Why does yola want our pages to load slower than they have to?

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  • Question
  • Updated 8 years ago
  • Answered
Yola adds A LOT of unnecessary codes and the less a browser has to read, the faster it'll display the page. Take this excerpt code for example...

<!--

<p align="justify"><font color="#bbff33" size="3">Linguistics is narrowly defined as the scientific approach to the study of <a href="language.php">language</a>, but language can, of course, be approached from a variety of directions, and a number of other intellectual disciplines are relevant to it and influence its study. </font><font color="#bbff33" size="3">Semiotics</font><font color="#bbff33" size="3">, for example, is a related field concerned with the general study of signs and symbols both in language and outside of it. </font><font color="#bbff33" size="3">Literary theorists</font><font color="#bbff33" size="3"> study the use of language in artistic </font><font color="#bbff33" size="3">literature</font><font color="#bbff33" size="3">. Linguistics additionally draws on work from such diverse fields as </font><font color="#bbff33" size="3">psychology</font><font color="#bbff33" size="3">, </font><font color="#bbff33" size="3">speech-language pathology</font><font color="#bbff33" size="3">, </font><font color="#bbff33" size="3">informatics</font><font color="#bbff33" size="3">, </font><font color="#bbff33" size="3">computer science</font><font color="#bbff33" size="3">, </font><font color="#bbff33" size="3"><a href="philosophy.php">philosophy</a></font><font color="#bbff33" size="3">, </font><font color="#bbff33" size="3">biology</font><font color="#bbff33" size="3">, </font><a href="human-anatomy.php"><font size="3">human anatomy</font></a><font color="#bbff33" size="3">, </font><font color="#bbff33" size="3">neuroscience</font><font color="#bbff33" size="3">, </font><font color="#bbff33" size="3">sociology</font><font color="#bbff33" size="3">, </font><font color="#bbff33" size="3"><a href="anthropology.php">anthropology</a></font><font color="#bbff33" size="3">, and </font><font color="#bbff33" size="3">acoustics</font><font color="#bbff33" size="3">.</font></p>

-->

Now... note the...

<!-- <font color="#bbff33" size="3"> -->

it's in there 28... that's right TWENTY-EIGHT times!

It only needs to be there ONCE, at the beginning, with an ending tag at the end.

And I'm surprised Yola's engineers haven't done away with the font tag seeing how it's deprecated and in future release of browsers may be unsupported, therefore messing up anyone's site with these tags that have newer (in the future) browsers.
Photo of Donald

Donald

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  • disappointed at codes

Posted 8 years ago

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the_pete

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Official Response
Hey Donald.

The code our text widget generates is very far from as elegant as it could be. You're right, and as a web standards convert myself, I pains me to see us generate it.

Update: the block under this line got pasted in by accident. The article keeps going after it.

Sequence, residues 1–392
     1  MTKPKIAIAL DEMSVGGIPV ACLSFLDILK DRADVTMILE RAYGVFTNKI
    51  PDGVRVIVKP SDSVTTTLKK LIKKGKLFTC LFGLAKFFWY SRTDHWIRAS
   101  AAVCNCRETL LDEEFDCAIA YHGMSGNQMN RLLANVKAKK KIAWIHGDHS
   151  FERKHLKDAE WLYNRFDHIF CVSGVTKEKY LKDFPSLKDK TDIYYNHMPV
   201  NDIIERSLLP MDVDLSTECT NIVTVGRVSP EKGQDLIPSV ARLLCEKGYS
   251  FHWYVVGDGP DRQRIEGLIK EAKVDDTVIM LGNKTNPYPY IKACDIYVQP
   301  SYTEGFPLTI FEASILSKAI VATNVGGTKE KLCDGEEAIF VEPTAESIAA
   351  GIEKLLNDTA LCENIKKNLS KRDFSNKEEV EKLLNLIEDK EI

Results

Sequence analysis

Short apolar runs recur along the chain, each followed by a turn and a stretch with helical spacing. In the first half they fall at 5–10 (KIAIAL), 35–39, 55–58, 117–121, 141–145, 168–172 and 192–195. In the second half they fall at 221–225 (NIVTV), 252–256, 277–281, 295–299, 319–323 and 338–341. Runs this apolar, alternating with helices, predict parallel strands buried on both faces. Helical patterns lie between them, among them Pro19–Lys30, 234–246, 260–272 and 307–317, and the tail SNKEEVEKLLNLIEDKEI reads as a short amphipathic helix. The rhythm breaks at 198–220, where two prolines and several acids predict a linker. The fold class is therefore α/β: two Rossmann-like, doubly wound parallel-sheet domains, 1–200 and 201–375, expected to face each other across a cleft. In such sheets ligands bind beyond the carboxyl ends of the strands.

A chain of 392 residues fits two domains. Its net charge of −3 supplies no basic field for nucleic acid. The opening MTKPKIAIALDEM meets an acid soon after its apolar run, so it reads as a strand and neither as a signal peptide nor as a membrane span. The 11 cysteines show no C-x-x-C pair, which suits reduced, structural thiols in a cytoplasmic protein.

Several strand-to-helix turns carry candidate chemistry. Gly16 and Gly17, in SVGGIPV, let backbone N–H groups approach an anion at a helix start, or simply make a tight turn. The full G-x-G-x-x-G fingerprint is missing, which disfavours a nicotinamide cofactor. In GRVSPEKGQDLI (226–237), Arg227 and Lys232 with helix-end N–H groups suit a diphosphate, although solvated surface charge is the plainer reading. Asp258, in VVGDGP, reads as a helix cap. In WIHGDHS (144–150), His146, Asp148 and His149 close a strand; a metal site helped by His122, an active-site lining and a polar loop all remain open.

We use a DOM technology called 'contentEditable' to allow users to edit text widgets inline in their site. We feel that this technology provides a richer, easier to use editing experience. Unfortunately it comes at the cost of code quality. The technology is provided by the browser, and isn't directly under our control.

We stand by this trade-off, and here's why.

Code quality is a problem for 3 main reasons

1) It's hard to maintain
2) It might not be forwards compatibile
3) If it's bloated, it results in increased load times.

I believe 2 of these aren't problems in the context of building sites in Yola, and the third isn't as bad as it seems.

1) Editing the code through a rich text interface resolves this issue.
2) Browsers are supporting backwards compatibility through specific rendering modes that switch on doctype. We also test the output of the text widget cross-browser.
3) Although the bloat is noticeable in Yola, compared to a medium sized image, the actual impact to load time is negligible.

To sum up, I don't think you should be too worried, because the practical impact on your site's performance and rendering is very small. And for this sacrifice, you can edit the text of your site inline, in your site, in the Yola Site Builder.

All this being said, there are avenues that we're exploring to improve the code quality of our text widgets, reduce the size of our published sites, make your websites faster and save us money :)

For example, after you've edited your text widget, we could parse it and try and remove unnecessary code, replace deprecated tags and close make
tags
tags. We could also try and override the default behavior of 'contentEditable' to make them better. There are mountains to climb before we can get these things working in a consistent, bug free manner, but we'll keep trying.

Thanks very much for the feedback.

Cheers
Pete

P.S.

Firefox, Chrome and Safari generate the best code using our Text Widget. Not perfect... but they're getting there.